1. Can we nevertheless actually demonstrate what a thing essentially and substantially is, but hypothetically, i.e. by premising (1) that its definable form is constituted by the 'peculiar' attributes of its essential nature; (2) that such and such are the only attributes of its essential nature, and that the complete synthesis of them is peculiar to the thing; and thus - since in this synthesis consists the being of the thing - obtaining our conclusion? Or is the truth that, since proof must be through the middle term, the definable form is once more assumed in this minor premiss too?
2. Further, just as in syllogizing we do not premise what syllogistic inference is (since the premisses from which we conclude must be related as whole and part), so the definable form must not fall within the syllogism but remain outside the premisses posited. It is only against a doubt as to its having been a syllogistic inference at all that we have to defend our argument as conforming to the definition of syllogism. It is only when some one doubts whether the conclusion proved is the definable form that we have to defend it as conforming to the definition of definable form which we assumed. Hence syllogistic inference must be possible even without the express statement of what syllogism is or what definable form is.
3. The following type of hypothetical proof also begs the question. If evil is definable as the divisible, and the definition of a thing's contrary - if it has one the contrary of the thing's definition; then, if good is the contrary of evil and the indivisible of the divisible, we conclude that to be good is essentially to be indivisible. The question is begged because definable form is assumed as a premiss, and as a premiss which is to prove definable form. 'But not the same definable form', you may object. That I admit, for in demonstrations also we premise that 'this' is predicable of 'that'; but in this premiss the term we assert of the minor is neither the major itself nor a term identical in definition, or convertible, with the major.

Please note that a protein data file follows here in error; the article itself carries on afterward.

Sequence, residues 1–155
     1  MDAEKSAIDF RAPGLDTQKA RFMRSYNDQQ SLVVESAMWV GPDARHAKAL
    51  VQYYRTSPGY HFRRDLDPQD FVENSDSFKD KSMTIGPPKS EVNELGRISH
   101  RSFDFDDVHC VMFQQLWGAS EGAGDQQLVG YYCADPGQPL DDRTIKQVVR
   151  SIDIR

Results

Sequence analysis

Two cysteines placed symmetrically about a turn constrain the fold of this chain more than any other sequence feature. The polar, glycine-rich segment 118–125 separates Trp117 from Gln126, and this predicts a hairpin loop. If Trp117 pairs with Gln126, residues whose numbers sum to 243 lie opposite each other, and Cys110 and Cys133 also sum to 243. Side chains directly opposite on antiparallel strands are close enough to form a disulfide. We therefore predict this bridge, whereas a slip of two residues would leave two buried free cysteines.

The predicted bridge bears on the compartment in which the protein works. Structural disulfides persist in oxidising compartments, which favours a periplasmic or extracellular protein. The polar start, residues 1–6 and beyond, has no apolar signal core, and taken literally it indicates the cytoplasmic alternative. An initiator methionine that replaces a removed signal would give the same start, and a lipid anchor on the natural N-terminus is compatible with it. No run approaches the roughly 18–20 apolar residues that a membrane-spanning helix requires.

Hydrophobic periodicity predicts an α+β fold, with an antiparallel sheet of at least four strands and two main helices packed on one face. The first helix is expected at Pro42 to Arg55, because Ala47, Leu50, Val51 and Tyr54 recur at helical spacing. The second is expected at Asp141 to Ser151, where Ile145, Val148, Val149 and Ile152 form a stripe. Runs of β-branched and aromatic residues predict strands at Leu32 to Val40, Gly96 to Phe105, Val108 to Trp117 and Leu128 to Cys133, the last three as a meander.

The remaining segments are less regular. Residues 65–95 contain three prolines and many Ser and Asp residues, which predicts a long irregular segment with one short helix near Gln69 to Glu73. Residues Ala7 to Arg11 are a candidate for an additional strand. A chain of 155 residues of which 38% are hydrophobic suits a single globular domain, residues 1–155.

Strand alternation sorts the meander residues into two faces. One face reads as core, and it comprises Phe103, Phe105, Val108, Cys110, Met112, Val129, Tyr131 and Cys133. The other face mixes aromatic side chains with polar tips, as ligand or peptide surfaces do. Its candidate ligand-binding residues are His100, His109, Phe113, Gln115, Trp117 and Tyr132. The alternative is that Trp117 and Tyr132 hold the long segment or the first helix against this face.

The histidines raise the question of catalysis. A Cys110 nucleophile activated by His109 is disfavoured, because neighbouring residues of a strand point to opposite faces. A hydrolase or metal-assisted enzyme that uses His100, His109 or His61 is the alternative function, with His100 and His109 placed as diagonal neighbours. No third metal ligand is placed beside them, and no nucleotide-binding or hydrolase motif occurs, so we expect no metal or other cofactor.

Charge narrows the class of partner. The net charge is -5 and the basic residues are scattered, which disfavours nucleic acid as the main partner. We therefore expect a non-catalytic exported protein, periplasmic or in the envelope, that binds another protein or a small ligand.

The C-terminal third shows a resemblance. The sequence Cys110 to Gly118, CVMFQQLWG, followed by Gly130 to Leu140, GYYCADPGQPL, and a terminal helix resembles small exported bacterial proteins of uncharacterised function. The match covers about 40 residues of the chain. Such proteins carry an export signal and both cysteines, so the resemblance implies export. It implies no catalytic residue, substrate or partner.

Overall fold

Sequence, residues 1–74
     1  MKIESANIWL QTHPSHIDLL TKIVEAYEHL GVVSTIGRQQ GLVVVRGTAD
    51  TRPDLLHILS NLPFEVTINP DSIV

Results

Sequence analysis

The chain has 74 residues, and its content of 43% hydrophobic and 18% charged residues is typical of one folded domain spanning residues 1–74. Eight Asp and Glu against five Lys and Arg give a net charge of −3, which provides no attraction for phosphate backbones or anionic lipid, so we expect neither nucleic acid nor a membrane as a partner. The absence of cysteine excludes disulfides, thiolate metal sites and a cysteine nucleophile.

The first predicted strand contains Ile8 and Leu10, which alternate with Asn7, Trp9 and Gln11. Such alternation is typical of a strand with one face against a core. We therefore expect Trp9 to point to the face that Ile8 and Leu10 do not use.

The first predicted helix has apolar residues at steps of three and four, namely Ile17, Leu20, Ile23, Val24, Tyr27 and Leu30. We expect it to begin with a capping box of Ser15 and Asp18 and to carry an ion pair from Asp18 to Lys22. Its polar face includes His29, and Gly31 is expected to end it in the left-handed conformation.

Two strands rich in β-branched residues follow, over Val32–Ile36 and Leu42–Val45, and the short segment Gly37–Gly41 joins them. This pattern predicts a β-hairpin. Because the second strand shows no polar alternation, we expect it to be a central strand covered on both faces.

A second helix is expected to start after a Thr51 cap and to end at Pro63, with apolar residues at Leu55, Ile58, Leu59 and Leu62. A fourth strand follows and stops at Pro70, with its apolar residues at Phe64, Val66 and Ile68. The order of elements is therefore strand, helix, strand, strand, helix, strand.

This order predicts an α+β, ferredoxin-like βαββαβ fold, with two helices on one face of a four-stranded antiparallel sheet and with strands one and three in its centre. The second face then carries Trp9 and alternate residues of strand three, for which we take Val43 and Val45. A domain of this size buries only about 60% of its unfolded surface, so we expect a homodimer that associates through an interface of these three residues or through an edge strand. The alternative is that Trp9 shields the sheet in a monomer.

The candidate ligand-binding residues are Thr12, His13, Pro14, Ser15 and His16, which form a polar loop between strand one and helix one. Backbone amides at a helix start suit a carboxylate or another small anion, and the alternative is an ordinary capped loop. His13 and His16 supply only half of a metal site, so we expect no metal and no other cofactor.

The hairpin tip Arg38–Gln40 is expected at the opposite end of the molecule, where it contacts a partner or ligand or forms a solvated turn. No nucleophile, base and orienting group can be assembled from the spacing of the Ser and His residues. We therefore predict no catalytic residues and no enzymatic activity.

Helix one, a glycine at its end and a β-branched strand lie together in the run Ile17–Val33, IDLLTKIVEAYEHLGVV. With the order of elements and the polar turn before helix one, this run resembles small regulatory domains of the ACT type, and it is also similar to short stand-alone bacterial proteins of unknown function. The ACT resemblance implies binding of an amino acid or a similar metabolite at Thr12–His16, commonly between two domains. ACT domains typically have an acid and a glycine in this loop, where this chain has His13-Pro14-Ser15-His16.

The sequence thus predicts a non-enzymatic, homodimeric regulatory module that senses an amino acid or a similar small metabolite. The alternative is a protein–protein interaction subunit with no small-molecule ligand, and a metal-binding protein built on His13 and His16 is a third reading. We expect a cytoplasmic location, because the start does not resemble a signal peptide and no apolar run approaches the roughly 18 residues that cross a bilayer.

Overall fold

4. Again, both proof by division and the syllogism just described are open to the question why man should be animal-biped-terrestrial and not merely animal and terrestrial, since what they premise does not ensure that the predicates shall constitute a genuine unity and not merely belong to a single subject as do musical and grammatical when predicated of the same man.